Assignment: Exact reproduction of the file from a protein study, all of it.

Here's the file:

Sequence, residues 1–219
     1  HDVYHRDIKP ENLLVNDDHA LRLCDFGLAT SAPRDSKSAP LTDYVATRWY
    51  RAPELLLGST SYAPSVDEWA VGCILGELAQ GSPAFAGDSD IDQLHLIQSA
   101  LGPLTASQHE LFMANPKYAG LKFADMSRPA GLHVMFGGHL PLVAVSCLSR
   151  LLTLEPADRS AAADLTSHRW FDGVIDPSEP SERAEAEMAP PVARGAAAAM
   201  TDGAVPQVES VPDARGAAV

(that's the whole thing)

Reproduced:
Sequence, residues 1–219
     1  HDVYHRDIKP ENLLVNDDHA LRLCDFGLAT SAPRDSKSAP LTDYVATRWY
    51  RAPELLLGST SYAPSVDEWA VGCILGELAQ GSPAFAGDSD IDQLHLIQSA
   101  LGPLTASQHE LFMANPKYAG LKFADMSRPA GLHVMFGGHL PLVAVSCLSR
   151  LLTLEPADRS AAADLTSHRW FDGVIDPSEP SERAEAEMAP PVARGAAAAM
   201  TDGAVPQVES VPDARGAAV